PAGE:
Romans 8:18 (ESV)

For I consider that the sufferings of this present time are not worth comparing with the glory that is to be revealed to us.

Matthew 13:44 (ESV)

“The kingdom of heaven is like treasure hidden in a field, which a man found and covered up. Then in his joy he goes and sells all that he has and buys that field.

The treasure was worth more than all he currently possessed.  He didn’t count it as loss or pain or suffering to give up all he had.  So, in these passages we are told that we can consider trials, persecutions etc joy because of an anticipated future eternal reward.

There is something going on right now in the life of a believer.  All believers are in the process of being made into the image of Christ—sanctification.  We are born again at justification.  We are being made like Christ in sanctification.  We will be truly be righteous in our glorification.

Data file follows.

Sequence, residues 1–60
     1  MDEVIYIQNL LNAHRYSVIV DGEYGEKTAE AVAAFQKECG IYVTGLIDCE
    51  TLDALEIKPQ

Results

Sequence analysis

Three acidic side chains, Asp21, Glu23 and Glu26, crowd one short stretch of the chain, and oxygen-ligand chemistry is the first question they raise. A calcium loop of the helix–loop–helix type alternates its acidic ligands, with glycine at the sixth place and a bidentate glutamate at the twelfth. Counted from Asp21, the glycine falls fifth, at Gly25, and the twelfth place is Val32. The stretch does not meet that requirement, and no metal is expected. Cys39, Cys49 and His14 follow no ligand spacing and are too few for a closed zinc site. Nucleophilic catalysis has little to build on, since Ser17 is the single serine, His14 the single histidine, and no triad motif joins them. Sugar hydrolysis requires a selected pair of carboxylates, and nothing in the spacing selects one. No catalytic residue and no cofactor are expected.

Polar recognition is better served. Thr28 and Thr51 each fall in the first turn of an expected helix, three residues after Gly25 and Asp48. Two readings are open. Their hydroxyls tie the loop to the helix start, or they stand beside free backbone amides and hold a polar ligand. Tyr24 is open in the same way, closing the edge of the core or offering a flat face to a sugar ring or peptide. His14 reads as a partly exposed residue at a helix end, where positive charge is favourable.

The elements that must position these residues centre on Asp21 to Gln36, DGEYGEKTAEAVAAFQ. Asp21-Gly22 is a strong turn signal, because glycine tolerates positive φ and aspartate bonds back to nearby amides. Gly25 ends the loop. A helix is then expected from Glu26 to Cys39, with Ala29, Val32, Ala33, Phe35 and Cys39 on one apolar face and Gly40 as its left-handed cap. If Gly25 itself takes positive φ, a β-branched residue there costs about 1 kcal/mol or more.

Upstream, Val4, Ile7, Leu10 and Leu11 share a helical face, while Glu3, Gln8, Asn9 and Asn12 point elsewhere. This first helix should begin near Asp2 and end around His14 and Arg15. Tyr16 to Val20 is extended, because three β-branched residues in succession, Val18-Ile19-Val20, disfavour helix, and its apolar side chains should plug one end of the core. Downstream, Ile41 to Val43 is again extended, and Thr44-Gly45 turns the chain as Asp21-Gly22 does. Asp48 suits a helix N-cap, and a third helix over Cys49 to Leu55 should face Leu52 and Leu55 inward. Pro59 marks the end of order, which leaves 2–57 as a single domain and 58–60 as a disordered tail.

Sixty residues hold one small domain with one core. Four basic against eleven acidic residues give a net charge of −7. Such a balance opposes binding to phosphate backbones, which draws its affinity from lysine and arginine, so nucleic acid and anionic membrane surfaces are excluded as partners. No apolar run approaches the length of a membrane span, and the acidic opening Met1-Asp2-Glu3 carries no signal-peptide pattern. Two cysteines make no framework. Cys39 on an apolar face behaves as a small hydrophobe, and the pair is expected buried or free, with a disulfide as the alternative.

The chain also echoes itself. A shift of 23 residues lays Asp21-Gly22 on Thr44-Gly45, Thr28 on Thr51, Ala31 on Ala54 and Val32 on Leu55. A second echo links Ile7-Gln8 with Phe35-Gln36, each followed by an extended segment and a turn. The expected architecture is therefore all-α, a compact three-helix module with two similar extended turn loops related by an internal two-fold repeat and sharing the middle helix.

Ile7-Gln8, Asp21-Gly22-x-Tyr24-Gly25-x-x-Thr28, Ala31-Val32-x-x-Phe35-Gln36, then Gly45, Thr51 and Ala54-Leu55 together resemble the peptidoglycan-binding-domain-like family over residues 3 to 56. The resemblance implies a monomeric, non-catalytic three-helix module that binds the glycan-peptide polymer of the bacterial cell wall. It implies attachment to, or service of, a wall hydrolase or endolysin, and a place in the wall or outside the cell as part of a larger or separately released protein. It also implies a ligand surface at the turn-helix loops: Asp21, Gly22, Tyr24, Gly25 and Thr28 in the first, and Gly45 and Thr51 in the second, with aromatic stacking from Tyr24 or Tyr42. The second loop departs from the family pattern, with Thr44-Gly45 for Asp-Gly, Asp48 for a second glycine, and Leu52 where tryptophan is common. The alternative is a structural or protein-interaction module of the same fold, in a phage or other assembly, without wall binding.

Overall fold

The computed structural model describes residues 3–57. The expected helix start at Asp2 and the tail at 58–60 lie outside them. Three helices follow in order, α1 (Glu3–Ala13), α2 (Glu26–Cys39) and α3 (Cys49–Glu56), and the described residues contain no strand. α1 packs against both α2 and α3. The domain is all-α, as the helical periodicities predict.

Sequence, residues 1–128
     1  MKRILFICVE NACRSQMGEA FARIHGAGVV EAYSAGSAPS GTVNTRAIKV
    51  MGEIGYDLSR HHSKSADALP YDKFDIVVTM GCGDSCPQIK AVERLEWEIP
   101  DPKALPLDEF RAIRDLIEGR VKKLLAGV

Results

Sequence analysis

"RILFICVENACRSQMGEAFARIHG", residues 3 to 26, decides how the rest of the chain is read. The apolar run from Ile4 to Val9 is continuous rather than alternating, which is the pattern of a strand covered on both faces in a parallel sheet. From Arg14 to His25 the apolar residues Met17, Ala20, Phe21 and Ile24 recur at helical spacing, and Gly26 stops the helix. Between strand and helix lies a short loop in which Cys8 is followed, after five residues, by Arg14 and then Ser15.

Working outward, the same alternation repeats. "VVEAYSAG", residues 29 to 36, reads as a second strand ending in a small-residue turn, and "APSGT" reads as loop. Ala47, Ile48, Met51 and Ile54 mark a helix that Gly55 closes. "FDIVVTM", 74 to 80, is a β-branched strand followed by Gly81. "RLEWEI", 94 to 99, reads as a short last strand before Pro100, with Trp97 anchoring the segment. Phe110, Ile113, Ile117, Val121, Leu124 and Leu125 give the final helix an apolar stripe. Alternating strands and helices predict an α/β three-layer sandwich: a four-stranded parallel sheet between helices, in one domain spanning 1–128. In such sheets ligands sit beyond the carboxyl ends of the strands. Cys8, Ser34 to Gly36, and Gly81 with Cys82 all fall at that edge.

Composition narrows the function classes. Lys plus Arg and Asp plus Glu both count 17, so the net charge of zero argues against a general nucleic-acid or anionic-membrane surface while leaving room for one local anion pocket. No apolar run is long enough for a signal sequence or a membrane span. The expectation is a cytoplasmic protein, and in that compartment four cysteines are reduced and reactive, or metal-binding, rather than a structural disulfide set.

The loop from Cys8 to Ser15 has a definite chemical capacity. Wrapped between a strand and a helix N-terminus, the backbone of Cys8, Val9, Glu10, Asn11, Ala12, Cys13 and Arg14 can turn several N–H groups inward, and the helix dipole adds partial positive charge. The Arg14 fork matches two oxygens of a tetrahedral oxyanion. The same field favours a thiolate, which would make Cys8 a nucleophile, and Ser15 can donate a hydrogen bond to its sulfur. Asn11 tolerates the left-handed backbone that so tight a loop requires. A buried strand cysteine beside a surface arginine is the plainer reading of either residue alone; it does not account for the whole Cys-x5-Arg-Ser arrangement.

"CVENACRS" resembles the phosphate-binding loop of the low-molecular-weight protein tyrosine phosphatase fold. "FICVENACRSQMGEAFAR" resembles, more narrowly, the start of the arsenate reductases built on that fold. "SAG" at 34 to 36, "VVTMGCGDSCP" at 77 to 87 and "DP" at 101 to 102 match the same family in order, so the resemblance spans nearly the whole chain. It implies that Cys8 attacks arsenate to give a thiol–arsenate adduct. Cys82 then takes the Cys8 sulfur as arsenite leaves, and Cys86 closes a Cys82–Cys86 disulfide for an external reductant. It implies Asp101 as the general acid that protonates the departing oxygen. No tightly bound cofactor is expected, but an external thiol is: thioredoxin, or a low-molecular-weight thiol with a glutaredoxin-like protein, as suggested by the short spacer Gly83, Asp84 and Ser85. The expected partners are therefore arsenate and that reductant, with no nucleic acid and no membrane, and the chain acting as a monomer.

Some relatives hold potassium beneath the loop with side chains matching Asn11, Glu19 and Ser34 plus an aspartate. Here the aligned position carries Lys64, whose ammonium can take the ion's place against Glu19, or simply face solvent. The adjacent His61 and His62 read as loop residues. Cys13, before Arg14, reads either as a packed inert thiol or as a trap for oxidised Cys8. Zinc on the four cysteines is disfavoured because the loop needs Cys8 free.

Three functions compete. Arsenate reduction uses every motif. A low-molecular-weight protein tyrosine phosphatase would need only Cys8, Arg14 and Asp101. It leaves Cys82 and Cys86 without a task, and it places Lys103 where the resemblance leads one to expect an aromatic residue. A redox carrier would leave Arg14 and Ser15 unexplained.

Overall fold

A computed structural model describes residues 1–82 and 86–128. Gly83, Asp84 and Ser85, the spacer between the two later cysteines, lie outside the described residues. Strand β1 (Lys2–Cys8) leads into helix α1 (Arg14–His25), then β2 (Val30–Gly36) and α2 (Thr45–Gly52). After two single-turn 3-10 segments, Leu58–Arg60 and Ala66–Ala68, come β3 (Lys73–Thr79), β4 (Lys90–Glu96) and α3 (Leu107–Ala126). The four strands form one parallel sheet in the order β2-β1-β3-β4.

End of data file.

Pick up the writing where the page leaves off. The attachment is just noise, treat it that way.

3- The Proper Effect (vs. 3-4)

[3] for you know that the testing of your faith produces steadfastness.  [4] And let steadfastness have its full effect, that you may be perfect and complete, lacking in nothing.

Trials test our faith-

Trials test our faith.  It is a faith issue.  It is at this first testing that we must determine to trust God and endure the trial as an obedient child.

Our first impulse is to rebel, fight against it, and become self-focused.  Self-pity sets in.  Then we blame God for not being fair.  Many have even shaken their fist at God.  Why is God doing this to me?

Jesus even tells us that trials have even shown that some people’s faith is not genuine.

Matthew 13:5-6 (ESV)